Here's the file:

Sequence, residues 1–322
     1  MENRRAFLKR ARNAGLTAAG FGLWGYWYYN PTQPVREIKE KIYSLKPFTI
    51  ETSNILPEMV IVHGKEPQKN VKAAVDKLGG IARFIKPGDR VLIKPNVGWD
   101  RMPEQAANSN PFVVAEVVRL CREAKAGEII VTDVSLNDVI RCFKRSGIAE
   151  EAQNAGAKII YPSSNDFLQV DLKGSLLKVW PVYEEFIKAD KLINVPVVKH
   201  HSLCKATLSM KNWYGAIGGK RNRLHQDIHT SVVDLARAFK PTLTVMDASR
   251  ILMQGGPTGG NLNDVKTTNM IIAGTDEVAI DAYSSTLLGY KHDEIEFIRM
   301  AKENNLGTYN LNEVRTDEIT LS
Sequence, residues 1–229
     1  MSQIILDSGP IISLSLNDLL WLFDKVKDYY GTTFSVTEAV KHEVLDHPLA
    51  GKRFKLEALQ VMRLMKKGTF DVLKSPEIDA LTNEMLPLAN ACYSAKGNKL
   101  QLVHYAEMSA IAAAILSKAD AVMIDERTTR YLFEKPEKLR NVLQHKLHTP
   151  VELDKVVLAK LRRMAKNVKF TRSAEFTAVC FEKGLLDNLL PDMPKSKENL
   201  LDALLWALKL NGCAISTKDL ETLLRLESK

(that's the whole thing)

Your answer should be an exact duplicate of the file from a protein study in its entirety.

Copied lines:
Sequence, residues 1–322
     1  MENRRAFLKR ARNAGLTAAG FGLWGYWYYN PTQPVREIKE KIYSLKPFTI
    51  ETSNILPEMV IVHGKEPQKN VKAAVDKLGG IARFIKPGDR VLIKPNVGWD
   101  RMPEQAANSN PFVVAEVVRL CREAKAGEII VTDVSLNDVI RCFKRSGIAE
   151  EAQNAGAKII YPSSNDFLQV DLKGSLLKVW PVYEEFIKAD KLINVPVVKH
   201  HSLCKATLSM KNWYGAIGGK RNRLHQDIHT SVVDLARAFK PTLTVMDASR
   251  ILMQGGPTGG NLNDVKTTNM IIAGTDEVAI DAYSSTLLGY KHDEIEFIRM
   301  AKENNLGTYN LNEVRTDEIT LS
Sequence, residues 1–229
     1  MSQIILDSGP IISLSLNDLL WLFDKVKDYY GTTFSVTEAV KHEVLDHPLA
    51  GKRFKLEALQ VMRLMKKGTF DVLKSPEIDA LTNEMLPLAN ACYSAKGNKL
   101  QLVHYAEMSA IAAAILSKAD AVMIDERTTR YLFEKPEKLR NVLQHKLHTP
   151  VELDKVVLAK LRRMAKNVKF TRSAEFTAVC FEKGLLDNLL PDMPKSKENL
   201  LDALLWALKL NGCAISTKDL ETLLRLESK